Local recurrence is observed in 17% of cases. The appearance of new lesions after treatment may reach 60% at 2 years and 80% at 5 years and is related to tumor size, inadequate necrosis, presence of pretreatment intrahepatic metastases, or even to the appearance of metachronic lesions during patient follow-up (49,50).
Depending on the degree of hepatic dysfunction, the survival of patients submitted to PEI may reach 85% in the first year, 60% in the third, and 30% in the fifth, rates similar to those obtained with surgical resection (34,37,48,50).
Radiofrequency has also been used successfully for patients with HCC. The indications are similar to those for PEI (51). No randomized studies comparing the two percutaneous techniques in terms of antitumoral effect and patient survival are available. The advantage of radiofrequency over PEI is the smaller number of sessions needed to obtain tumor necrosis. However, PEI is less expensive and is easy to perform, requiring no hospitalization. Radiofrequency should be avoided in superficial lesions because of the risk of tumoral dissemination through the path of the needle. The 5-year survival rate for patients submitted to radiofrequency is about 33% (52). The option for PEI and radiofrequency depends on the experience of each group.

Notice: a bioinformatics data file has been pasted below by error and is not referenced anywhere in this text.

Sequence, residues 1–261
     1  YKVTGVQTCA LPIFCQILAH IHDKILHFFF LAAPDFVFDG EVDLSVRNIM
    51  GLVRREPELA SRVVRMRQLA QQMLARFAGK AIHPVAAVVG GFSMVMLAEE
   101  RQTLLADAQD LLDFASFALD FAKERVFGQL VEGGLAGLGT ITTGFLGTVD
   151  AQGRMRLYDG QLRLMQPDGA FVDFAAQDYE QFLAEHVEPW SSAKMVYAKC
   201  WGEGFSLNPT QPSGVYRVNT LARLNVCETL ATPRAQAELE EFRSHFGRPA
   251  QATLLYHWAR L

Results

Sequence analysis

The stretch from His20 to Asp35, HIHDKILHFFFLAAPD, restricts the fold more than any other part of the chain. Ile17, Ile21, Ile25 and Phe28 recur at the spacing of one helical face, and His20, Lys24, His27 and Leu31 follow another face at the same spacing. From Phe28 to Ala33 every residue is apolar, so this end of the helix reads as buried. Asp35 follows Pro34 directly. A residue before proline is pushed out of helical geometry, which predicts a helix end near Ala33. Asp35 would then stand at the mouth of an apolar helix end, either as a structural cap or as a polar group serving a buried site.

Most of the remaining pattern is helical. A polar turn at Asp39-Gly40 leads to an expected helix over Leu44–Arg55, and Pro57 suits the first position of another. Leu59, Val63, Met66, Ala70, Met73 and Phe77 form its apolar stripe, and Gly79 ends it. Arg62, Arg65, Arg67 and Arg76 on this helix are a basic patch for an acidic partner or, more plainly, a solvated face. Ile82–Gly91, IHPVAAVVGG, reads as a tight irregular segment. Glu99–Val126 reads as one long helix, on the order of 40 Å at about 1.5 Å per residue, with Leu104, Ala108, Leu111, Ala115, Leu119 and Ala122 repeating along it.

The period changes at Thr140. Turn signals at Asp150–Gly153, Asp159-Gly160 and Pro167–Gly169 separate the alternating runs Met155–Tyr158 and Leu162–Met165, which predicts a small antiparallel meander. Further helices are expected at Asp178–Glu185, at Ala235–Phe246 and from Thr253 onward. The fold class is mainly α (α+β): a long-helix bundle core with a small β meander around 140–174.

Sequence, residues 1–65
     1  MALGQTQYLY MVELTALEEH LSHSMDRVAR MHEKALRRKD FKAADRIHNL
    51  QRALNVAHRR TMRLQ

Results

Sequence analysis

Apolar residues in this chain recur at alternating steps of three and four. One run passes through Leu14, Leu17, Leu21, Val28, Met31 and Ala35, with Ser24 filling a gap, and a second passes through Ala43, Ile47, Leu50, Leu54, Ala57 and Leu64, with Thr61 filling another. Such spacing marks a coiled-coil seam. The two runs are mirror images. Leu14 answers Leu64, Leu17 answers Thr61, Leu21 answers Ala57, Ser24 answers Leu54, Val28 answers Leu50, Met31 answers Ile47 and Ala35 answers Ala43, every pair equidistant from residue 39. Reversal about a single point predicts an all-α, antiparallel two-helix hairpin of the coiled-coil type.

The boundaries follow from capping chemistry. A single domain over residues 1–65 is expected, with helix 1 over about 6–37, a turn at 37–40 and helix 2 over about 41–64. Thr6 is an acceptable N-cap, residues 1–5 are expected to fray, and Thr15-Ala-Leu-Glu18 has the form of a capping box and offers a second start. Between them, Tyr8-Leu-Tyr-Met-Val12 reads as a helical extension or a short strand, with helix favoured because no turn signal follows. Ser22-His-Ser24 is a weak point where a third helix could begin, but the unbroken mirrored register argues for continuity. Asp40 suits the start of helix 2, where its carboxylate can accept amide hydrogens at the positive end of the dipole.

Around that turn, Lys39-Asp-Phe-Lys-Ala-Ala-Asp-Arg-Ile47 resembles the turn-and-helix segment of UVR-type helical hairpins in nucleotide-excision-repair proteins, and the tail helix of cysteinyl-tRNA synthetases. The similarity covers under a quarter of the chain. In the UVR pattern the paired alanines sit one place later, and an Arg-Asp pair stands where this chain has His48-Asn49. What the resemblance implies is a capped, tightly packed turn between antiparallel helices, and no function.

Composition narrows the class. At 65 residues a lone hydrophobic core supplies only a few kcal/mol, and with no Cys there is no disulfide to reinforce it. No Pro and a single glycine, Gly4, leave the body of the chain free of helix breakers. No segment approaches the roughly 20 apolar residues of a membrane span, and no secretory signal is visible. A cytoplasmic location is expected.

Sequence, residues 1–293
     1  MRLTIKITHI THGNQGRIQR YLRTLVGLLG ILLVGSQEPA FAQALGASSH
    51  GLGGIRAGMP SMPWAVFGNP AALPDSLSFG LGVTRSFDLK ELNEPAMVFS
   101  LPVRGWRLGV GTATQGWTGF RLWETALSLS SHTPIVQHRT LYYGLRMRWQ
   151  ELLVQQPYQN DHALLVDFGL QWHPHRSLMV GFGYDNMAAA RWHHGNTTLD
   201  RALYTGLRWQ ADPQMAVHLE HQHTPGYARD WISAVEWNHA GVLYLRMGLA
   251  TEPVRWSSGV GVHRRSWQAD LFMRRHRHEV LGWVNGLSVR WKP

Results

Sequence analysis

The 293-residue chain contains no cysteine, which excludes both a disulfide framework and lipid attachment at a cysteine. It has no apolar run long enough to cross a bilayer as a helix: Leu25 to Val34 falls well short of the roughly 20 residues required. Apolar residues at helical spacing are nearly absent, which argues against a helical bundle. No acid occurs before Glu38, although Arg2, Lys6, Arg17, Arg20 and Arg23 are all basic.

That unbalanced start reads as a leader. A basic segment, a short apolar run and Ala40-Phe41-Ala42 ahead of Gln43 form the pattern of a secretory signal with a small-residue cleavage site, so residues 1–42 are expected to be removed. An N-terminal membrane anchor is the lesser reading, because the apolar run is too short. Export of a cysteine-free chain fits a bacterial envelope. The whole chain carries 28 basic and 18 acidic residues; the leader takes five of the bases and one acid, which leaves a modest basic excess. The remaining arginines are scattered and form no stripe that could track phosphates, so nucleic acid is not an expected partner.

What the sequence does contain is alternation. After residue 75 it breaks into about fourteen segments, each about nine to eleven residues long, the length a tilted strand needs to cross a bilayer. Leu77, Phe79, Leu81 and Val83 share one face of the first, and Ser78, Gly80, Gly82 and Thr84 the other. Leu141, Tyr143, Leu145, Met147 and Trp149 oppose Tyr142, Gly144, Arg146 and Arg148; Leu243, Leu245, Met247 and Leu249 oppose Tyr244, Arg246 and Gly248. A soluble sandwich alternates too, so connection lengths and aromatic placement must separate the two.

Transarterial embolization or chemoembolization
Since HCC is a tumor predominantly irrigated by the arterial system of the liver, blockade of the blood supply to the tumor is used as treatment. The surgical route has been abandoned due to its severe side effects and has been replaced with the use of arterial obstruction by a peripheral route using interventionist radiology. Tumors that cannot be submitted to radical treatment are considered for transarterial embolization (TAE)/chemoembolization (TACE). Usually, patients with multiple diffuse tumors or single tumors larger than 5 cm, with barely deteriorated hepatic function are the main candidates for treatment by TAE (28).
Using fluoroscopy, the tumor nourishing artery is located and selective obstruction with gelatin particles or preformed polyvinyl microparticles is started after advancing the catheter as close as possible to the HCC. This procedure may be combined with the use of chemotherapeutic agents such as doxorubicin, epirubicin, mitomycin, or cisplatin in combination or not with lipiodol, a substance retained by neoplastic cells. These combinations seem to improve the antitumoral effect, although in most cases they do not improve patient survival (53).